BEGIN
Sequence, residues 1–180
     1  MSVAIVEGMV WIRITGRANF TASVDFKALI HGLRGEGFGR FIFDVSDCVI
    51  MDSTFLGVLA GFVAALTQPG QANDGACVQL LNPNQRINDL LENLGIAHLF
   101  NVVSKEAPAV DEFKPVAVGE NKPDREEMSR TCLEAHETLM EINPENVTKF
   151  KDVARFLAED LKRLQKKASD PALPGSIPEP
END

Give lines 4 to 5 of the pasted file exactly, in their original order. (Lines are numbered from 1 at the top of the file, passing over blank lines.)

   101  NVVSKEAPAV DEFKPVAVGE NKPDREEMSR TCLEAHETLM EINPENVTKF
   151  KDVARFLAED LKRLQKKASD PALPGSIPEP